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What's so Funny?
Posted: 11/10/2011 | Happiness Comments
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At first, I only laughed at myself. Then I noticed that life itself is amusing. I've been in a generally good mood ever since.  ~Marilyn vos Savant

 
Laughter is the best medicine - unless you're diabetic, then insulin comes pretty high on the list. ~Jaspar Carrot, Comedian
 
 
I’ve always loved making people laugh, and I’m quick to see the funny side of most situations. I was once recovering from major surgery, in a lot of pain and a morphine haze, cracking jokes that kept the hospital staff in stitches. Maybe it’s nature–my brain just seems to work that way. Or maybe it’s nurture–my parents were very funny people. As an actress, I always loved doing comedy best. Humor is a value for me, and I really enjoy helping clients find the humor in life for themselves.
 
We know laughter is good for us, it lightens our load and eases our passage through life. What is humor, exactly? Merriam-Webster defines it as, “That quality which appeals to a sense of the ludicrous or absurdly incongruous,” and, “the mental faculty of discovering, expressing, or appreciating the nonsensical or absurdly incongruent.”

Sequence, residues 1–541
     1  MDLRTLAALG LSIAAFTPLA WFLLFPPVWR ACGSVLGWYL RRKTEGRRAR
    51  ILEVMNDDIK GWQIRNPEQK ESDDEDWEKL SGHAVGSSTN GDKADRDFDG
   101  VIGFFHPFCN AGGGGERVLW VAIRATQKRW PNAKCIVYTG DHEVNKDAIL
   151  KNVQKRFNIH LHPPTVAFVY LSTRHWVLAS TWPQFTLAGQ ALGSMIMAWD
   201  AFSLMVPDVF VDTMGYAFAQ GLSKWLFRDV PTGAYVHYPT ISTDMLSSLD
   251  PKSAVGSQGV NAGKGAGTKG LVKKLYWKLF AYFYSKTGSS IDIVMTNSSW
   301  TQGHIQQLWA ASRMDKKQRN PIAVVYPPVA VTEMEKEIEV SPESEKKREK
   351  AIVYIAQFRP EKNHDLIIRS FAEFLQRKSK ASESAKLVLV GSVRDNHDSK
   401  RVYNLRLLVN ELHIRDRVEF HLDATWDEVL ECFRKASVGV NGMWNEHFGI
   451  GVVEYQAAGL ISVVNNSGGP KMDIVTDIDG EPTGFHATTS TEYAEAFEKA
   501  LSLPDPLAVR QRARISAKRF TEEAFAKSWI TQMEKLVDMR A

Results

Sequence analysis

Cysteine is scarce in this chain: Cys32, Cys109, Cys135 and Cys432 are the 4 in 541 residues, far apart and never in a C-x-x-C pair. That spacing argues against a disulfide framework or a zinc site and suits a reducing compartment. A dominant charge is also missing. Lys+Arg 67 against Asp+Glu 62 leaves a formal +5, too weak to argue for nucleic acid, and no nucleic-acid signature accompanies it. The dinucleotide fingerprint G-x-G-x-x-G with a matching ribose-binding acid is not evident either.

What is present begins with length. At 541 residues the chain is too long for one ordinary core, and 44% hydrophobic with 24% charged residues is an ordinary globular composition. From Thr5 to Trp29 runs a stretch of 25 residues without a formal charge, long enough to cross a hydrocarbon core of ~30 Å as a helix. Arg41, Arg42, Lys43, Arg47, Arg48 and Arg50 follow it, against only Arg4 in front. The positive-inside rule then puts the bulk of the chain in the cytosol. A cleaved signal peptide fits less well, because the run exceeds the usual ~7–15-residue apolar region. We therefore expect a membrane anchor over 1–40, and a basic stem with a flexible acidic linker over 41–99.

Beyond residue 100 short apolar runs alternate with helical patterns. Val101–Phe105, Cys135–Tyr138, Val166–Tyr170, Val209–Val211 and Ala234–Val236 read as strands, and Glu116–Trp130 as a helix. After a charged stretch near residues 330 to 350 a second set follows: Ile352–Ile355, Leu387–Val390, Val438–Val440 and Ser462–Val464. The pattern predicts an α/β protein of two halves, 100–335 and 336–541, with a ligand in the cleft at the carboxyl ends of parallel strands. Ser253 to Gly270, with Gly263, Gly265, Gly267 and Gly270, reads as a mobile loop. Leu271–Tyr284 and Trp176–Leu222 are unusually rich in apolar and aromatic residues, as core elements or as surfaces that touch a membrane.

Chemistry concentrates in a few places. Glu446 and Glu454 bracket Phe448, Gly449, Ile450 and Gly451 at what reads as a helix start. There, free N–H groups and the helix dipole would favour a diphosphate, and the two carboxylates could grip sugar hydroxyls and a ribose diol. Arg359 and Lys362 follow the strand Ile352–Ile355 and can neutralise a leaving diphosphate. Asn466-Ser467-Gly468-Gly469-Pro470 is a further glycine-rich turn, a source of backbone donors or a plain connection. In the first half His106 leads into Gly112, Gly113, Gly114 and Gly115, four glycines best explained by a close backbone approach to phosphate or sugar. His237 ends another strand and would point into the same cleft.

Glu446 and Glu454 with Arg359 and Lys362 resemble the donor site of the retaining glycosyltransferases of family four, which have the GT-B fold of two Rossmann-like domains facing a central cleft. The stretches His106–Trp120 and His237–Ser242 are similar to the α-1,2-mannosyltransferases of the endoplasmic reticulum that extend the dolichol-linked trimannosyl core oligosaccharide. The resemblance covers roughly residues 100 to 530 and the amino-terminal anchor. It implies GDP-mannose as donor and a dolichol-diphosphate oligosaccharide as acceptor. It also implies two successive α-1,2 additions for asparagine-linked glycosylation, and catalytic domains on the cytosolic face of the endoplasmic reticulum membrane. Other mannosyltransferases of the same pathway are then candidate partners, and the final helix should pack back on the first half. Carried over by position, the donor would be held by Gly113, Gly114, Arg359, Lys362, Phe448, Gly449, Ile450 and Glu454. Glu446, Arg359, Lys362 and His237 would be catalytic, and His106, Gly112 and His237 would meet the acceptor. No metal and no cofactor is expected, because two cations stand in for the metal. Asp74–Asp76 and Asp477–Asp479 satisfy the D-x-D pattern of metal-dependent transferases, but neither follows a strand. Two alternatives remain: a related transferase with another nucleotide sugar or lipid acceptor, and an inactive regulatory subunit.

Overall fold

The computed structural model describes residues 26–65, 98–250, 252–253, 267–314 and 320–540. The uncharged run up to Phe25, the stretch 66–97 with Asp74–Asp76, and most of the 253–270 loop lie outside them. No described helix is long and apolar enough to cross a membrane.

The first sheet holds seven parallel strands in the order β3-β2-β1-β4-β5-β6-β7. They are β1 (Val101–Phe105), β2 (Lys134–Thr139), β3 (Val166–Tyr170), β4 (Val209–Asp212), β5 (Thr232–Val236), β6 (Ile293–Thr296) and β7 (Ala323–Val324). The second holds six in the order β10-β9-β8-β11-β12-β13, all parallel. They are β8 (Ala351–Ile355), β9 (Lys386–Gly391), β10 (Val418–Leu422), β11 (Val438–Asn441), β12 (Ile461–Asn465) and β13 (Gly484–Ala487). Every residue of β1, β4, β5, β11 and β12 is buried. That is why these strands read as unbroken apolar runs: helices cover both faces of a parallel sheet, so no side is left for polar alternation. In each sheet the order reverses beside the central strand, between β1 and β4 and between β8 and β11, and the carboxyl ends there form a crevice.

I also like this definition, from dictionary.com: “Humor consists principally in the recognition and expression of incongruities or peculiarities present in a situation or character. It is frequently used to illustrate some fundamental absurdity in human nature or conduct, and is generally thought of as more kindly than wit.” Basically, humor points to something that doesn’t go with something else. 
 
I do like wit also. Dictionary.com says that wit is considered the keen perception and cleverly apt expression of those connections between ideas that awaken amusement and pleasure. Ahhh amusement and pleasure, we can all use some of that.
 
Smiling and laughter are universally recognized by humans, and primates demonstrate the same ability. Why did we develop this trait, and how is it important to our survival? According to a Stanford University study, “...the ability to comprehend and find a joke funny plays a defining role in the human condition, essentially helping us to communicate ideas, attract partners, boost mood, and even cope in times of trauma and stress...(and) is thought to have numerous salutary effects, including acting as a natural stress antagonist and possibly enhancing the cardiovascular, immune, and endocrine systems.”  
 
Whew! I’ve always loved a good joke and when someone is cleverly funny, now I know why. And it explains why I married a guy who makes me laugh and have many very funny friends. Humor transcends language, culture, race and gender. It’s the best way to recognize and embrace our common humanity. As Victor Borge once said, “Laughter is the shortest distance between two people.” We see the common denominator, in the midst of our differences. And like yawning, laughter is contagious. This may serve an important function.